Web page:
Architecture and Hardware

CS2023: Global Undergraduate Computer Science Curricula 

Announcing the availability of the latest curricular volume for undergraduate computer science education, developed collaboratively by ACM, IEEE-CS,and AAAI.

hand pulling a book from a laptop computer screen

Since its beginning, computer science has been one of the fastest evolving areas of study, with an expanding number of sub-disciplines and adjacent computational fields like bioinformatics and digital humanities. Today, computing is increasingly central to every aspect of everyday life. It’s more important than ever that our global educational systems are resourced to teach computer science consistently and completely around the globe, helping students to develop knowledge, understanding, and hands-on skills. As computer science educators have prepared students to enter computer science as practitioners, researchers, and educators, they have consistently turned to the ACM, the world’s largest association of computing professionals, for curricular guidelines and resources.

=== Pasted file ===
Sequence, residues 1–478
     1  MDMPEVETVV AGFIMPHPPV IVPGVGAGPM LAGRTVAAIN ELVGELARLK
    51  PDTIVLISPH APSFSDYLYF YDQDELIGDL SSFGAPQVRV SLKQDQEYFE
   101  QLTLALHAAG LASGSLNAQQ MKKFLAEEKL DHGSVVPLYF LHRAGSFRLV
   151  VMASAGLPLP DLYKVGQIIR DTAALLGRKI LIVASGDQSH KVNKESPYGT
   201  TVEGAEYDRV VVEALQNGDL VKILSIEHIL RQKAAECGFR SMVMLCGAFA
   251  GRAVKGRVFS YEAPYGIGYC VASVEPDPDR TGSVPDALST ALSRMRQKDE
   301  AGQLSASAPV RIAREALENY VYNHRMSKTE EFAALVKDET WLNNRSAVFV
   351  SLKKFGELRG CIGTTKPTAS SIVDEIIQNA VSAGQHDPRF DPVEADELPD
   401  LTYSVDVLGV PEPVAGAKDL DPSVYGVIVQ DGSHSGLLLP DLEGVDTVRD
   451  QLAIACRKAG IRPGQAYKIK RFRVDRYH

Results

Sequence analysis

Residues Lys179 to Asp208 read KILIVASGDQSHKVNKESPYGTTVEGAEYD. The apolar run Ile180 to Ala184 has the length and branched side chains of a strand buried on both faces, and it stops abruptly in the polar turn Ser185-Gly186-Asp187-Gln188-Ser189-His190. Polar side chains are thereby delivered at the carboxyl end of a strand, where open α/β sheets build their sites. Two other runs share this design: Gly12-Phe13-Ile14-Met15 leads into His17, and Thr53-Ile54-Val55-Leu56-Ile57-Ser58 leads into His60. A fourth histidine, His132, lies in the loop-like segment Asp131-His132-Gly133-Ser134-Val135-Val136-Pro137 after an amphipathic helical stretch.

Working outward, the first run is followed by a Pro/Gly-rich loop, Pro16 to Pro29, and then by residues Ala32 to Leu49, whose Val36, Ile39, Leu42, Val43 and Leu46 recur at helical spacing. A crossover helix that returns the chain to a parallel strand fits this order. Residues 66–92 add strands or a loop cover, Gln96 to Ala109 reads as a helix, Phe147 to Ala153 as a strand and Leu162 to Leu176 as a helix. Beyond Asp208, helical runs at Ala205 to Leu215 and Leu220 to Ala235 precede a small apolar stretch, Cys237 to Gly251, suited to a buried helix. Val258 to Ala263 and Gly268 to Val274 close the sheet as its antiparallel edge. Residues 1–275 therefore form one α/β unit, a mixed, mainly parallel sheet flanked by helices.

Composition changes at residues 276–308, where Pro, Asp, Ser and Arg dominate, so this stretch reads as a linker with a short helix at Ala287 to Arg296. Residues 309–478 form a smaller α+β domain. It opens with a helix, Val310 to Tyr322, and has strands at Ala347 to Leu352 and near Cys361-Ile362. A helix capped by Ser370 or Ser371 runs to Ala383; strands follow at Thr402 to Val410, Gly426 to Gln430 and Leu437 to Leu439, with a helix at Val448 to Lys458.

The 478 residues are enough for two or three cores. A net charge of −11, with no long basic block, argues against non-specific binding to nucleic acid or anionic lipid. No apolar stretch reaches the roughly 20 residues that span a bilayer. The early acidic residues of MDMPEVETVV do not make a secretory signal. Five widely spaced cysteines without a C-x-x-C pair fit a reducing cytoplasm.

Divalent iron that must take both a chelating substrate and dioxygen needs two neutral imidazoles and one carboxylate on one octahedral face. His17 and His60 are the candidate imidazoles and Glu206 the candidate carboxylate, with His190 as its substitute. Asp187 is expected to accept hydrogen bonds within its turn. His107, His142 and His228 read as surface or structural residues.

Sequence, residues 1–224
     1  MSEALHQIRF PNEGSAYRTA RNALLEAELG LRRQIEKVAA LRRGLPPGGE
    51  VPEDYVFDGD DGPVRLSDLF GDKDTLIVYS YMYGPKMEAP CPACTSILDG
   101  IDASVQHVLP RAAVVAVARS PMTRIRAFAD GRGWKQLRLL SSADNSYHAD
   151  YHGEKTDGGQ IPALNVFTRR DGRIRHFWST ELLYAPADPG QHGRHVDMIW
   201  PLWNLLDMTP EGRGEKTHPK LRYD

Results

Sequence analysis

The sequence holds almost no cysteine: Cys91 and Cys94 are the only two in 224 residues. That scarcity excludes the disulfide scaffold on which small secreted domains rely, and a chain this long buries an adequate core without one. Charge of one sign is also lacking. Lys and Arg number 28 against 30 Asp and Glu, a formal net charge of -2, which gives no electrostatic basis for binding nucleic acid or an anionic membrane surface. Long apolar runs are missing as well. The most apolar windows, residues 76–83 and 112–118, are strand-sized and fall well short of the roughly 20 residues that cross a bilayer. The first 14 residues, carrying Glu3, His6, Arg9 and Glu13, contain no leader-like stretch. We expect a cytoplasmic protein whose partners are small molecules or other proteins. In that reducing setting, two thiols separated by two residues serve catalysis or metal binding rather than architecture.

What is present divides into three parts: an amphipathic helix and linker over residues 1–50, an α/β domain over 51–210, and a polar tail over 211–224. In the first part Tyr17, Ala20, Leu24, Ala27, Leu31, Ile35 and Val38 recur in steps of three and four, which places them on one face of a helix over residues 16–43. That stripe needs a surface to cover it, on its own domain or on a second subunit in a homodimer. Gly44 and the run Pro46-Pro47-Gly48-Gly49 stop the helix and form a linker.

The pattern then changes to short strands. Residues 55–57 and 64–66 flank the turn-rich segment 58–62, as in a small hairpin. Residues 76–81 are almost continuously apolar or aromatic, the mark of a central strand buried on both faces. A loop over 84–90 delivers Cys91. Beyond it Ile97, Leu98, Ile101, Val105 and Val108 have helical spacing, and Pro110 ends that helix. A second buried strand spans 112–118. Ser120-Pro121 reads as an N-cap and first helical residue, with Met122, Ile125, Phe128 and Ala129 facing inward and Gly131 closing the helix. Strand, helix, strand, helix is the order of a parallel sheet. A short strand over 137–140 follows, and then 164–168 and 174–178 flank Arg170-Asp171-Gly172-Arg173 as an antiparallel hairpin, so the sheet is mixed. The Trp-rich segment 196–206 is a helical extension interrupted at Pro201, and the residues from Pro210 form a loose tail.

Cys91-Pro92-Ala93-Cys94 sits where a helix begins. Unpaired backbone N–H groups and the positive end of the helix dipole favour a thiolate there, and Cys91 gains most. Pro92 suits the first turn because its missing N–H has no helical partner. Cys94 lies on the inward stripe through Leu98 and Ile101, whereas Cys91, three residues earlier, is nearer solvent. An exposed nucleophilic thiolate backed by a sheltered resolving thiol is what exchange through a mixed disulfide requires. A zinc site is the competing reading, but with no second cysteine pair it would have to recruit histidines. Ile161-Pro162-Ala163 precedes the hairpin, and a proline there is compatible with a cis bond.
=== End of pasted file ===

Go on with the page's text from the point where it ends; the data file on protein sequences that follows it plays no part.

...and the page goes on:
We are delighted to announce the general availability of the latest curricular volume for undergraduate computer science education, CS2023, developed collaboratively by ACM, IEEE-CS (the IEEE Computer Society), and AAAI (the Association for the Advancement of AI). Historically, undergraduate computer science curricular guidelines have been updated every 10 years, and for many years their development has been jointly led by ACM and IEEE-CS. We were delighted to welcome AAAI to the Steering Committee for CS2023 as we continued to focus on curating content from the world’s foremost experts for the creation of curricular guidelines.

CS2023 builds upon CS2013, the 2013 computer science curricular guidelines. The past decade has brought tremendous changes to computer science and computing education generally. In 2013, as smart phones became ubiquitous and the Internet became a general tool of commerce, communication, and socializing, cybersecurity was the emerging hot topic. The field was so new that it was called “Information Assurance and Security” in the CS2013 body of knowledge! Fast-forward to today: cybersecurity is firmly established and expanding, and artificial intelligence (AI) is the frontier field, with burgeoning implications for both curricular content and teaching, learning, and assessment methodologies.